MACEDONIAN ALBANIAN MAYORS SLAM SERBIAN NEWS AGENCY. Mayor Hysamedin Halili of Lipkovo and Vebi Ismaili, his counterpart in Dzepciste, told Deutsche Welle's Albanian Service on 7 May that a recent report by the private Serbian Beta news agency that the two men distributed uniforms of the shadowy Albanian Liberation Army (AKSH) is "complete disinformation." They argued that Beta has long spread "anti-Albanian propaganda" aimed at destabilizing the situation in Macedonia as part of unspecified "coordinated efforts." ("RFE/RL Newsline," 9 May)

PROSECUTORS SEARCH 'FLUX' OFFICES. Chisinau Deputy Prosecutor Andrei Pantea on 13 May carried out a search of the offices of the daily "Flux," according to the Flux news agency. Pantea said the search was made to find the employment contracts of two journalists who published an article in the daily on 20 March that alleged links between Lebanon's former Honorary Consul in Chisinau Hammud Mahmud and Islamic terrorist organizations. The Prosecutor-General's Office charged the daily publication with libel. Mahmud is the son-in-law of former Moldovan parliamentary speaker Dumitru Diacov. Pantea ordered the confiscation of archived electronic material on Mahmud. Igor Burciu, editor in chief of the daily, claimed the search was "an intimidation attempt" ordered by President Vladimir Voronin. He said that, while Voronin ordered Mahmud's expulsion and stripped him of Moldovan citizenship, the president's current close relations with Diacov explain such action. Burciu pointed out that Diacov's daughter -- Mahmud's wife -- has been appointed to a diplomatic post in Germany. ("RFE/RL Newsline," 14 May)

NEW BRIBERY ALLEGATIONS ON MEDIA LAW. The special parliamentary commission investigating the so-called Rywingate bribery scandal interrogated Jaroslaw Sellin, a member of the National Radio and Television Broadcasting Council, on 13 May, Polish media reported. Sellin said film producer Lew Rywin sought the alleged bribe on behalf of the ruling Democratic Left Alliance at "the most rational and well-considered moment." According to Sellin, the government did not compromise with "Gazeta Wyborcza" publisher Agora on a media bill in mid-July 2002, as suggested by Premier Leszek Miller before the commission in April. Miller testified that Rywin's alleged solicitation of a bribe from Agora was "absurd," since the government had already agreed on a version of the media bill that satisfied Agora. ("RFE/RL Newsline," 14 May)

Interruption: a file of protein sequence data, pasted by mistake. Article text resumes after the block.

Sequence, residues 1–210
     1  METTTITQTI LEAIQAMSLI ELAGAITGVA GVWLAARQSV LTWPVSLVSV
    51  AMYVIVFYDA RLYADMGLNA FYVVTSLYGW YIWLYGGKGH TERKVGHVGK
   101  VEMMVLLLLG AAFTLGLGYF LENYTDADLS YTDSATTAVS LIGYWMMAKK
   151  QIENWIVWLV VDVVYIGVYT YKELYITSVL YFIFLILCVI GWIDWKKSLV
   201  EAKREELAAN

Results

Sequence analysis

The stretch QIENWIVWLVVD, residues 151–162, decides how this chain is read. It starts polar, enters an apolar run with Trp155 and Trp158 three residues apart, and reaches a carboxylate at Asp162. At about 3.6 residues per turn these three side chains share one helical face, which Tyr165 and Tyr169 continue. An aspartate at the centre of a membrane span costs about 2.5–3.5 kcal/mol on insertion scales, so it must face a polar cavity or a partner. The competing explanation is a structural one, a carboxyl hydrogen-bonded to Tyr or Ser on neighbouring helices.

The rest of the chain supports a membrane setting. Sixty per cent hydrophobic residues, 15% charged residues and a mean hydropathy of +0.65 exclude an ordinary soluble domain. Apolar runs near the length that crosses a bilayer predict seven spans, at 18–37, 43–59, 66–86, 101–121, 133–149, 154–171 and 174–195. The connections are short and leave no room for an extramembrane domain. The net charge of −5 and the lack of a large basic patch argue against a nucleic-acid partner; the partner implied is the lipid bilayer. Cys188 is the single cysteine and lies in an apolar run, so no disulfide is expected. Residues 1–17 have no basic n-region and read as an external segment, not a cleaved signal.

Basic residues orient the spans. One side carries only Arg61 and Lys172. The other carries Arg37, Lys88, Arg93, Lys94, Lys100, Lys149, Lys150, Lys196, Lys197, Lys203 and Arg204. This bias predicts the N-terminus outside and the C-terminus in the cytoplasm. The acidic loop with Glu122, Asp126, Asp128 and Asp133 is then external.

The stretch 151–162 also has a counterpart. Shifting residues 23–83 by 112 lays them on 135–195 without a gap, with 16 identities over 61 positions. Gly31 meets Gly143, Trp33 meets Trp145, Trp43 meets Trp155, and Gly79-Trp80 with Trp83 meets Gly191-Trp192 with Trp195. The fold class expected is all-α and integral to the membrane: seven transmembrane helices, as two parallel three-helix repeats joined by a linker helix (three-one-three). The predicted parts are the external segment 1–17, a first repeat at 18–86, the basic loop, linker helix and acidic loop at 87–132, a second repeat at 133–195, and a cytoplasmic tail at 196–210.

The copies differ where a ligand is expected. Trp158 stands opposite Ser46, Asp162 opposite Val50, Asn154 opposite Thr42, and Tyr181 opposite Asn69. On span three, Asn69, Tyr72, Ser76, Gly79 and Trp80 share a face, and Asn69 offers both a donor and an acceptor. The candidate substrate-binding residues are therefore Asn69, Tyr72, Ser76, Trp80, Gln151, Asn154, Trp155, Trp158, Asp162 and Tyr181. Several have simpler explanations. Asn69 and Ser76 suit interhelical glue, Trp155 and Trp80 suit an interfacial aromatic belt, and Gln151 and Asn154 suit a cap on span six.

EXPERT SEES DRAFT MEDIA BILL AS THREAT TO PRESS FREEDOM. Mikhail Fedotov, secretary of the Russian Union of Journalists and former State Press Committee chairman under President Boris Yeltsin, told "Argumenty i fakty," that the new law on the mass media being drafted by the Industrial Committee -- an organization that represents the owners of the country's major media outlets, including the state-controlled media -- is a threat to freedom of the press in Russia. Fedotov, who is a co-author of the current law on the mass media that was adopted in 1990, said the new draft contains several worrying provisions that "might not be dangerous under a 'good' president and a liberal media minister, but which otherwise could be used as a big stick in a political struggle." He said that the draft also strongly favors media owners over journalists, who would be reduced under it to the status of merely hired personnel. Fedotov said that the Union of Journalists wants to improve the bill to separate and define the rights of property owners and those of journalists. He said he does not believe that Russia's mass media have "been captured by information oligarchs." He said that various media outlets are controlled by different financial and industrial groups and, therefore, represent a variety of opinions. He noted as well that most of the country's media are still controlled by the state and, therefore, the most dangerous "information oligarch" is the government. ("RFE/RL Newsline," 12 May)

MAJOR PARTIES SELECT IMAGE-MAKERS FOR DUMA CAMPAIGN. Russia's leading political parties have already selected image-makers, or public-relations agencies, to handle this fall's campaign for the State Duma, NTV reported on 10 May. Gleb Pavlovskii's Foundation for Effective Politics will handle the Unified Russia campaign. A special Information-Technological Center headed by Ilya Ponomarev will handle the Communist Party's campaign. The Union of Rightist Forces (SPS) will hire two image-making firms: Video International PR and Vladimir Ruga's PR Center. Yabloko will use Leonid Levin's Secret Adviser agency, which it has used in the past, and the Liberal Democratic Party of Russia (LDPR) has hired Yelena Sorokina's agency Feedback. According to recent opinion polls, the Communist Party and Unified Russia are each supported by more than 20 percent of the population, with the SPS, Yabloko, and the LDPR all hovering around the 5 percent threshold needed to gain Duma seats allocated by proportional representation. ("RFE/RL Newsline," 12 May)